One of the most overused words in the world of food these days seems to be “twist", as in “traditional dishes with a modern twist" or magazines urging us to “add a twist" to our baking. I’m not averse to playing around with recipes and in the last few years I’ve had a lot of fun “Indianizing" traditional recipes, with jaggery, ghee and a hint of spice. Sometimes, though, there are very good reasons for keeping things the way they’ve always been.

The period just after Christmas and New Year is usually the time, if you’ve been overindulging, for detoxing, hitting the gym and embracing the latest fad diet. This year, I gather we’re all meant to be facing up to the fact that we’re addicted to sugar. While I’ll never be able to give up eating or making cake (twisted or otherwise), even in the post-excess days of January, this year I was definitely craving something a little more wholesome, a cake containing nutrients as well as mood-enhancing but evil, addictive carbs. At times like this I often turn to my mother’s All-Bran Loaf, a quietly comforting and bolstering cake which offers the cholesterol-beating qualities of bran and nutritious dried fruit.

My mother’s original, from an old recipe journal, was no doubt copied from the back of a cereal packet sometime in the 1970s. I particularly like the note my mum added at the end, “The addition of an egg improves it greatly."

It’s a ridiculously simple recipe—a teacup is used to measure out a few simple ingredients which are then left to soak overnight (although in fact you could just leave them an hour or so). In the morning an (optional!) egg and flour are added. You don’t need any obscure equipment or any baking experience, just the ability to stir.

I, however, couldn’t resist the temptation to play around with the basic recipe, to add my own “twist". I decided to use some of the dried fruit and nuts I had left over from Christmas—apricot, cranberries, cherries and walnuts. I used less (and brown rather than white) sugar than the original, and added some cinnamon. My husband walked in while I was experimenting and looked sceptical, accusing me of mucking about unnecessarily with a perfectly good family classic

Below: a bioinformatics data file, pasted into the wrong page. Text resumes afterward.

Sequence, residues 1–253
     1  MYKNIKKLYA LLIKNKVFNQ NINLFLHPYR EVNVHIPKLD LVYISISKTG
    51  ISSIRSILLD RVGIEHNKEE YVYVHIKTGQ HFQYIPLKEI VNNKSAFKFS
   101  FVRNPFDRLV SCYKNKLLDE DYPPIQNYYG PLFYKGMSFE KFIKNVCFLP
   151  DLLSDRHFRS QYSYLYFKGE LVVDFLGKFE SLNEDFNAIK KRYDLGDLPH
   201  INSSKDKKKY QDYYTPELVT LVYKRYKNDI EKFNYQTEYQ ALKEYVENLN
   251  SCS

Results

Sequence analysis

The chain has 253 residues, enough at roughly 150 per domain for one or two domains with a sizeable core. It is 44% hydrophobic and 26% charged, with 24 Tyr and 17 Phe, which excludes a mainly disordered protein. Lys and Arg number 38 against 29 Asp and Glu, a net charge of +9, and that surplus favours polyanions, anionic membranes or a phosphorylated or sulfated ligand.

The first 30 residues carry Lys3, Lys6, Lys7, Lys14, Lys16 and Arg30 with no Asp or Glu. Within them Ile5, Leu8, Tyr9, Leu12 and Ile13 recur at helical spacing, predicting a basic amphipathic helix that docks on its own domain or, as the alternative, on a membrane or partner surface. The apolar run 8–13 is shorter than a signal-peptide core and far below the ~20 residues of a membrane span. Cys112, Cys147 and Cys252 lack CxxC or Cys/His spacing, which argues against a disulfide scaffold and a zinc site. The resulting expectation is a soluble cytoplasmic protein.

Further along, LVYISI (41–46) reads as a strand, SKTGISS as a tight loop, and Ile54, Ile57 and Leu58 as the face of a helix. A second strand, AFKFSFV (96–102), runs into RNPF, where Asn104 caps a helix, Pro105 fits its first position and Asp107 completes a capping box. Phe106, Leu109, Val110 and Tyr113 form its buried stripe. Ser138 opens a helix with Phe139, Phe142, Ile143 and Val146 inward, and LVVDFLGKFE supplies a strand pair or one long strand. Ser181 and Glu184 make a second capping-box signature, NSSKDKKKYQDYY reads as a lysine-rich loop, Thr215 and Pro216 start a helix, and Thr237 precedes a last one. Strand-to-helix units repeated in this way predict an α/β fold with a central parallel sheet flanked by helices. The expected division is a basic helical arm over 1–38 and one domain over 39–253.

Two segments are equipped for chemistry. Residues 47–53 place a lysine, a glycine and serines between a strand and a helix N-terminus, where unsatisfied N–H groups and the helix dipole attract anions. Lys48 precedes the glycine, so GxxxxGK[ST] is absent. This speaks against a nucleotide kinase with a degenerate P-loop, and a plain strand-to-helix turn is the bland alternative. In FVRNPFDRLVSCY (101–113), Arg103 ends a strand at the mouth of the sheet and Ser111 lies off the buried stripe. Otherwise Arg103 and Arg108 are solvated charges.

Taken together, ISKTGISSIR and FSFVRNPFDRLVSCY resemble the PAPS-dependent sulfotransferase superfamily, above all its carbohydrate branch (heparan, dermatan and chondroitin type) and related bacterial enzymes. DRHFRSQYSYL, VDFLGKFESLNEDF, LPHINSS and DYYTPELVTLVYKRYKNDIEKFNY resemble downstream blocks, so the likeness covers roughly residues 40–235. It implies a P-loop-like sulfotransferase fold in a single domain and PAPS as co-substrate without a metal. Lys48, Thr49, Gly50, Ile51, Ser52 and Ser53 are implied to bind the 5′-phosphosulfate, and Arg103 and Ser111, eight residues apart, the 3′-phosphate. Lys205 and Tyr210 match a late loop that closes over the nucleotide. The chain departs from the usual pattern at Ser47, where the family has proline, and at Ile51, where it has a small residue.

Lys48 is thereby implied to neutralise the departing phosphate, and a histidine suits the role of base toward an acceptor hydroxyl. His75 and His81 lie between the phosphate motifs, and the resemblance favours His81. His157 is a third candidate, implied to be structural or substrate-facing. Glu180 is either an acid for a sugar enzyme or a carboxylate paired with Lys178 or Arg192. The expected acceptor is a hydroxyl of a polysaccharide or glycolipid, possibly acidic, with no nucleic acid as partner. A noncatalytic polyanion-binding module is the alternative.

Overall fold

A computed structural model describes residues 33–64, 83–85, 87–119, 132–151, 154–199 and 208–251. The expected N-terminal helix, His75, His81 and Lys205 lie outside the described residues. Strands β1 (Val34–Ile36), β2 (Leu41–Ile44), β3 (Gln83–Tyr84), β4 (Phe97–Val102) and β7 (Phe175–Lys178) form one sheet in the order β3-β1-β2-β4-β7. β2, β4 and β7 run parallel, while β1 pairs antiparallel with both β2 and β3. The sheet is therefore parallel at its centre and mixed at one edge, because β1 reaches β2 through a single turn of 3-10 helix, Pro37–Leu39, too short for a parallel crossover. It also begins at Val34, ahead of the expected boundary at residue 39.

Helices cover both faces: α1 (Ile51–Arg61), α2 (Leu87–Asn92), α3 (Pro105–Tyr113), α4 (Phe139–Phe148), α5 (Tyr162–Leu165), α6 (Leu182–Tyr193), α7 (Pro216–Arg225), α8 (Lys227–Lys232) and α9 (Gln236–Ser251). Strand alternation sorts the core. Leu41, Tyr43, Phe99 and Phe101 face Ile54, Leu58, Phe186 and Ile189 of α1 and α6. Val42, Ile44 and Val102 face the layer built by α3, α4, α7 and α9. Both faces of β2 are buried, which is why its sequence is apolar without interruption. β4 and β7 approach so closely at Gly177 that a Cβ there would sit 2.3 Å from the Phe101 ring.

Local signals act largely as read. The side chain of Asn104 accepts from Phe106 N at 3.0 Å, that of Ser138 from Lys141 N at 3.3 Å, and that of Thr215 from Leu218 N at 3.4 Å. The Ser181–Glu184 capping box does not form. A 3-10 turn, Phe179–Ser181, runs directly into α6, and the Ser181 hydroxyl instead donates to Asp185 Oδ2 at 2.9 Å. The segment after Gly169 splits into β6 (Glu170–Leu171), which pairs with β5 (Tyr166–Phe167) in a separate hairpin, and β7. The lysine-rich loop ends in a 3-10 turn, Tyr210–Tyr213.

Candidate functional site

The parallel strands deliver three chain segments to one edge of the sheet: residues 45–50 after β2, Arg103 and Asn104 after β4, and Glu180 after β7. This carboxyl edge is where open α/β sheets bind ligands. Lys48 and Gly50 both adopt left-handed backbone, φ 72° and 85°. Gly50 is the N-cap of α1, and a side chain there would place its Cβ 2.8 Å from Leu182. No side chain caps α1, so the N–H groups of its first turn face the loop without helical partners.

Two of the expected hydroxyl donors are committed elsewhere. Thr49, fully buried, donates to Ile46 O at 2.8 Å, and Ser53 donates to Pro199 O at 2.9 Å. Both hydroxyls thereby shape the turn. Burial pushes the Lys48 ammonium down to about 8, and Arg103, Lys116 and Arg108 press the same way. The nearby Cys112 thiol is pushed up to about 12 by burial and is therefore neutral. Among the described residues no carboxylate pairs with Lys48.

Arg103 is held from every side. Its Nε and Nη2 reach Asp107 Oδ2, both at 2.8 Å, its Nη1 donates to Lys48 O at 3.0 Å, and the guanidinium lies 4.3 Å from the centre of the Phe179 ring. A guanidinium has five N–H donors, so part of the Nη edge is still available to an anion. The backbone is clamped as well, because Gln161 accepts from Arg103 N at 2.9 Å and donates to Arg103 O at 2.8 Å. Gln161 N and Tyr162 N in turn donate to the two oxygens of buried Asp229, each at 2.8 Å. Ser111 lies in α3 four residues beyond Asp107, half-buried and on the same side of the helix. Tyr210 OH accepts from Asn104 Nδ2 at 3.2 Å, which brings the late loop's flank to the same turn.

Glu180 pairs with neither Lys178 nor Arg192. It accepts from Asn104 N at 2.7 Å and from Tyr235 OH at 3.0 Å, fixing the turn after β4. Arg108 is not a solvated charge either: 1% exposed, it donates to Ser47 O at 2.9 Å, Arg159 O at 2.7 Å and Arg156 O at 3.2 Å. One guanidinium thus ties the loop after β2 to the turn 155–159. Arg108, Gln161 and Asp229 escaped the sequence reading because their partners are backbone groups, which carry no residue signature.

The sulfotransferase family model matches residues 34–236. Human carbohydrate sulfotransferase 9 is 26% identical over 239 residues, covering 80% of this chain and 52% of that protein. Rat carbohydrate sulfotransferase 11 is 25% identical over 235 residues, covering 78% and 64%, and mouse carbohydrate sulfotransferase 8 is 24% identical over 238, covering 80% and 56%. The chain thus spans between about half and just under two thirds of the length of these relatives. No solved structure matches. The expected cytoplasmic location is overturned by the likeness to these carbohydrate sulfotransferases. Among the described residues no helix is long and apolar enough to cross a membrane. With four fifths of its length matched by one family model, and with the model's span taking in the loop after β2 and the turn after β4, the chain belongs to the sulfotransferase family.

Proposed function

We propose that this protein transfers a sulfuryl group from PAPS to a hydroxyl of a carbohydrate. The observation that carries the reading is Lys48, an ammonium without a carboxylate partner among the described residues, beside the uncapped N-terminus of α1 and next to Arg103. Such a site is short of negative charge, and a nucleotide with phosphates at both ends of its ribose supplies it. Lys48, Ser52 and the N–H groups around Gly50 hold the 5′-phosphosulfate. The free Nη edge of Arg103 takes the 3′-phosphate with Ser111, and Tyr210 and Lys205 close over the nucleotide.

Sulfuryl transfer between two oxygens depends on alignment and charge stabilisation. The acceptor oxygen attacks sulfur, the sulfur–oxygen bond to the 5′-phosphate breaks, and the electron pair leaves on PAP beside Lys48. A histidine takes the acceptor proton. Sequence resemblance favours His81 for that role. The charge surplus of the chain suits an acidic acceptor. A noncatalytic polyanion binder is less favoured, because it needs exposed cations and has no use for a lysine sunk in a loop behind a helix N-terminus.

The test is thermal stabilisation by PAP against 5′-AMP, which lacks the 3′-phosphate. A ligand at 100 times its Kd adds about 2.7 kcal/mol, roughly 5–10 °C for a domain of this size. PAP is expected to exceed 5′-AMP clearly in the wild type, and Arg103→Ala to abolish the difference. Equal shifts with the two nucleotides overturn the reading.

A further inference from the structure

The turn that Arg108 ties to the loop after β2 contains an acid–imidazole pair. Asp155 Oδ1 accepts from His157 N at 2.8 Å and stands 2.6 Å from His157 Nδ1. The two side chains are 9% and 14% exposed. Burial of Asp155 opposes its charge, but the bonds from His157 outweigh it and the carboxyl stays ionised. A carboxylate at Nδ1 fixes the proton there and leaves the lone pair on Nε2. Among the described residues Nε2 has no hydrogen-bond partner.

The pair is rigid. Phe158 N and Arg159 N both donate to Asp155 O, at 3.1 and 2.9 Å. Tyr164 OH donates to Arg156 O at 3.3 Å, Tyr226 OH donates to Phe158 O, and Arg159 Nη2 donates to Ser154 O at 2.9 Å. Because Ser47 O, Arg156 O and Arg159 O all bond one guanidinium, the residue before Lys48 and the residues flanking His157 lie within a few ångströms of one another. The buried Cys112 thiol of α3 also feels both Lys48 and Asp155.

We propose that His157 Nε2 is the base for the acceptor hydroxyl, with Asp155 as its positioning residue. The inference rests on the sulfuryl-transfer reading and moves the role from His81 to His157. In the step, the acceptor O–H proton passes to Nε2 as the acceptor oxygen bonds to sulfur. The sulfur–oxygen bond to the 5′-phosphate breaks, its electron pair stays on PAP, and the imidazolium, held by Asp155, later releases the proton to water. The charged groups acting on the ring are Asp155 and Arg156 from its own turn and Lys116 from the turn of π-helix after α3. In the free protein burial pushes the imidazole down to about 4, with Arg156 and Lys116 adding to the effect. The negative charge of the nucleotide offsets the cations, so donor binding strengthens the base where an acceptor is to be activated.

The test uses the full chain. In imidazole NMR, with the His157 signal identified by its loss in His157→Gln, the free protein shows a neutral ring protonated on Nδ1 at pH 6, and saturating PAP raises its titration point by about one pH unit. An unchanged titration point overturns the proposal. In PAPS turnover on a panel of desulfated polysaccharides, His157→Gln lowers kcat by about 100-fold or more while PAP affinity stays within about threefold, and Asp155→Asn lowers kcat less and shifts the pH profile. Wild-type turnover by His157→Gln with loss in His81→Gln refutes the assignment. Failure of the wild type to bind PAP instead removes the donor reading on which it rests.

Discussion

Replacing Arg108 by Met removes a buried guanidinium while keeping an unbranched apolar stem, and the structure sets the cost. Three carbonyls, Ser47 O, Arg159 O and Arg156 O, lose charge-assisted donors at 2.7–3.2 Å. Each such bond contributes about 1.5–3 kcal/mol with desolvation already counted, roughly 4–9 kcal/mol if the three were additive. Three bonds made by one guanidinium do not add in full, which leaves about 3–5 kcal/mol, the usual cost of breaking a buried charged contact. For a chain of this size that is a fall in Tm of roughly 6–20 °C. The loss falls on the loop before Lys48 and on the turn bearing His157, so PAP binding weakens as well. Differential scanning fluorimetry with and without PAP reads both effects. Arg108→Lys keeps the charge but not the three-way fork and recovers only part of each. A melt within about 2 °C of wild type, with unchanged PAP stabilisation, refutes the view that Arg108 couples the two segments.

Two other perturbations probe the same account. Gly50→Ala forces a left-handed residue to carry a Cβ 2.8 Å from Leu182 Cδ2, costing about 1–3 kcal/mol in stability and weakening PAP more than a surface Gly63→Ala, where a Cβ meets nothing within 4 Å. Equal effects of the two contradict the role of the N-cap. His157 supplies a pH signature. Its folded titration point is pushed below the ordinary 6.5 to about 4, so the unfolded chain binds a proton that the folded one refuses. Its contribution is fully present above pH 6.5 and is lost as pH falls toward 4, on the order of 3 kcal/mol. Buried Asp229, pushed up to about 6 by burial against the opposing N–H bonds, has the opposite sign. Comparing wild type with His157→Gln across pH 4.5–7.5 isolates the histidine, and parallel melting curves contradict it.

And you know what? He was right to be sceptical. The new version was lovely and looked very colourful but it wasn’t my mum’s cake. Hers is the one that reminds me of a much-missed mother who used to spend every Saturday afternoon baking. When she’d made everyone’s favourites (the All-Bran Loaf was my brother’s and at that time I was devoted to fairy cakes), she would lay out a tablecloth on the sitting room floor and set out a picnic, including little greaseproof parcels of banana sandwiches, which we all devoured while watching Doctor Who. And the word “twist" has no place in those memories.

I’ve used a 200ml capacity teacup for my cake but you could use any size as long as you use the same measure for all the ingredients. I’ve also included the equivalent weights. I always add an egg as I like to feel I’m enhancing the recipe according to my mother’s instructions, but you could leave it out. If you’re serious about your January detox you could also reduce the amount of sugar by about half.

All-Bran Loaf

Makes 1 loaf—using a 200ml capacity teacup

Ingredients

1 cup (70g) All-Bran cereal

1 cup (150g) brown sugar (the original used white caster sugar but I am sure my mother would have approved of this slight modification)

1 cup (150g) raisins (or a mixture of other dried fruits like apricots, cranberries, cherries)

1 cup (200ml) milk

1 egg (optional)

1 cup (150g) plain flour

½ tsp baking powder

Method

In a large bowl, mix together the All-Bran, sugar, raisins and milk. Stir well, cover and leave to soak overnight. In the morning, preheat the oven to 190 degrees Celsius and grease a 20x7cm loaf tin. Beat the egg, then add it to the soaked ingredients along with the sifted flour and baking powder. Stir everything well and put it into the loaf tin. Bake at 190 degrees Celsius for 20 minutes, then reduce to 180 degrees Celsius for another 20 minutes. Check the loaf with a skewer, there shouldn’t be any uncooked cake mix attached.

Leave to cool and then slice. Eat on its own although I prefer it spread with salty butter. The loaf keeps well in a tin for a few days.

Pamela Timms is a Delhi-based journalist and food writer. She blogs at Eatanddust.com.

Also Read | Pamela’s previous Lounge columns

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